Why This Progressive Is Sticking By the Tax on Insurance Companies

A lot of the arguments against an excise tax on insurance companies come from those who want to kill health care reform. But a lot of them also come from friends who share my convictions about health care.
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There've been a lot of claims made and exaggerations leveled in the last days about a provision in the Senate-passed health reform bill that places an excise tax on the insurance companies that offer high cost health insurance plans. A lot of it comes from the right wing that wants to kill health care reform. But a lot of it also comes from friends who share my convictions about health care.

I want to address what they're seeing, hearing, and saying.

First, striking this provision from the final bill will make it much more difficult to pass final health reform legislation in the Senate and that's a huge mistake when we're closer than ever to completing a journey that began with Harry Truman. If passing health care reform was easy, it would've happened decades ago. It's not. It requires tough choices. And it's worth it.

Second, this is an idea that will help health reform succeed in the long run. It will create competition and place sunshine on the process of pricing health insurance premiums.

Third, it will help control future health care costs without -- I repeat without -- directly taxing employees. Unlike a cap on the existing tax exclusion of health insurance benefits, which I oppose, this provision will not require employees to include a portion of their employer provided benefits as part of their taxable wages.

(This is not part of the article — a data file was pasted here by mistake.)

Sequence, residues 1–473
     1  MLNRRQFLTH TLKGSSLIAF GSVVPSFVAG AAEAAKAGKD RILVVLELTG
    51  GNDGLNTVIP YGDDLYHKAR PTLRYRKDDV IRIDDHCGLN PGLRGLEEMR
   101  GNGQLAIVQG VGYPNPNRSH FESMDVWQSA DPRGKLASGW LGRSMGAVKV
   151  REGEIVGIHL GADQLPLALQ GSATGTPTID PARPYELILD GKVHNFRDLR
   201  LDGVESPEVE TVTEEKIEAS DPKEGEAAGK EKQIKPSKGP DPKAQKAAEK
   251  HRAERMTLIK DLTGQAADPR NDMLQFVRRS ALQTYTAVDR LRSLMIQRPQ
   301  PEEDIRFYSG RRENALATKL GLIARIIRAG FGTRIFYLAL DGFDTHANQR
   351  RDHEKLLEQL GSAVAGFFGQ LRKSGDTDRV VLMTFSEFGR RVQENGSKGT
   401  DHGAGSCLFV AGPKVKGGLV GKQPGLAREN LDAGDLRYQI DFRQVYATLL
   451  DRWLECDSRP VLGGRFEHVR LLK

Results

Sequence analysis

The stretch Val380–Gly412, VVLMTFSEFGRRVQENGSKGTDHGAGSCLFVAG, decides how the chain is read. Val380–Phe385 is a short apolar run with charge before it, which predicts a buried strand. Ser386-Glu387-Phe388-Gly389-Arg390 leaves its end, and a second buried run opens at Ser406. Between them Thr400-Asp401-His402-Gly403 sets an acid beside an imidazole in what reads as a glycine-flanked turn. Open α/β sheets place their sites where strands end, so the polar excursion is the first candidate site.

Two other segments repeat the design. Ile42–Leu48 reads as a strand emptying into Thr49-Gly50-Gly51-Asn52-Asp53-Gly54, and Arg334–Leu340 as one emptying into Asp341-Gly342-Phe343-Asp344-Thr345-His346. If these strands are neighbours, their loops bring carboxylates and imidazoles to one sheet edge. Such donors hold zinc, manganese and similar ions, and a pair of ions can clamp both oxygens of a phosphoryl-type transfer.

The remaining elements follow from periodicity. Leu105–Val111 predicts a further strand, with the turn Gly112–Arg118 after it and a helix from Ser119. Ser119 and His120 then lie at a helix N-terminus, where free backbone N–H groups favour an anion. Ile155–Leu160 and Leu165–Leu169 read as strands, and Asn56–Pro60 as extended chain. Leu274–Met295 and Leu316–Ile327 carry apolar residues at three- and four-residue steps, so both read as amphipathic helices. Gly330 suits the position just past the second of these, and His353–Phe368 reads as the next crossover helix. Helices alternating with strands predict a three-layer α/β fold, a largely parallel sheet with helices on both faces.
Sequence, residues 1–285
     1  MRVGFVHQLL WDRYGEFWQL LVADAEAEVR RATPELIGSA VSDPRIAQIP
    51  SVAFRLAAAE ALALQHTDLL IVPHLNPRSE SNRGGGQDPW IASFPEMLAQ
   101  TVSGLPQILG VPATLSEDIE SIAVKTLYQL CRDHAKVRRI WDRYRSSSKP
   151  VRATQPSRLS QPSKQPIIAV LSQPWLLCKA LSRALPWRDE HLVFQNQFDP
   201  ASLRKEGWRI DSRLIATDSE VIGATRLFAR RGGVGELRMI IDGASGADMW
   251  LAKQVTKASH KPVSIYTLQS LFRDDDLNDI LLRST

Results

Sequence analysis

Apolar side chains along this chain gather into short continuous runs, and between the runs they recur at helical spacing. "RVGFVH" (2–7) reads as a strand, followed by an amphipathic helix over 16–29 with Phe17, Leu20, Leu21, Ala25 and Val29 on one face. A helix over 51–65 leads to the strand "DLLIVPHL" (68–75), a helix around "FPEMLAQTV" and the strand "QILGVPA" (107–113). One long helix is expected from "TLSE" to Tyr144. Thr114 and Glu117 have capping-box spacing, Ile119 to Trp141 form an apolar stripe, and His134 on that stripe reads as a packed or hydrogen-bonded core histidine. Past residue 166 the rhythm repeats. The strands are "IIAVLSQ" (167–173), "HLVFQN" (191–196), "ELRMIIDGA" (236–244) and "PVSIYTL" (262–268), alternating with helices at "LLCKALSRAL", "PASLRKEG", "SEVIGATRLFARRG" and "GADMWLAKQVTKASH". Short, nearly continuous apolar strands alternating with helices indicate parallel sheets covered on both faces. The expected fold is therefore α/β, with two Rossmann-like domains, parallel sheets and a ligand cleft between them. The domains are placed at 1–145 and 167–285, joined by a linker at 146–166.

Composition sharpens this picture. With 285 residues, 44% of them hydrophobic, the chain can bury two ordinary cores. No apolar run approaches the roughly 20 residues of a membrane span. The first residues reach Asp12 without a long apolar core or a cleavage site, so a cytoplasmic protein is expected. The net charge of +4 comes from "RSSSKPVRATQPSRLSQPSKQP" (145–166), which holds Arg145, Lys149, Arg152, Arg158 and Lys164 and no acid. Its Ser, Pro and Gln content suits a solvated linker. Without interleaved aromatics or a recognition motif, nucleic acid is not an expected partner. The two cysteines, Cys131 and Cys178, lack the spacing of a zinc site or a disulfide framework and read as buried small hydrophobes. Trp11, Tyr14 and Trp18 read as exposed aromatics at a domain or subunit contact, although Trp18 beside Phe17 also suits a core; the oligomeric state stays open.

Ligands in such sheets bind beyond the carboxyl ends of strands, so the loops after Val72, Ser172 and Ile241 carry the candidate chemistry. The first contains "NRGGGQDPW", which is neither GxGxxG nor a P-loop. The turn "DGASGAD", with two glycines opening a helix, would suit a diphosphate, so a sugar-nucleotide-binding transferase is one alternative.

Fourth, the excise tax included in the Senate-passed health care bill will affect only a small portion of the very highest cost health plans -- a total of 3% of premiums in 2013. The vast majority of health plans fall below the thresholds set in the Senate plan and would be completely unaffected by the provision. In addition, the Senate plan provides special protections to plans held by workers in high-risk professions -- like police and firefighters -- as well as by those over 55.

Fifth, for the small sub-set of plans that are affected, the likely impact will be to increase workers' wages. MIT economist Jon Gruber recently found that the excise tax included in the Senate bill would lead employers to raise wages by $223 billion between 2010 and 2019. In 2019, wages for those affected by the provision will be higher by about $660 per household. I repeat -- raise wages. After spending years and years hearing from workers tired of seeing their unions forced to spend all of their energy at the bargaining table just to hold on to health care instead of negotiating for better wages, we now have a way to help increase wages and improve health care simultaneously.

Look, make no mistake, I didn't cook this idea up because I think it's the best or the only way to improve health care -- but it's a good idea that also helps get health care passed. And if there's one thing Ted Kennedy taught us all, it's that in legislating on core issues, you seize those moments and marry the practical and the policy.

Does the Senate-passed bill cast too broad a net by setting the excise tax threshold too low? Yes. This could affect some of the hardest working American families. So let's fix it, not nix it. I believe the final health care reform bill will include appropriate adjustments to preserve its cost containing benefits while increasing the fairness of this provision. But let's get back to the business of doing that instead of fighting to kill a provision that improves health care -- and improves the chances of passing health care this month.

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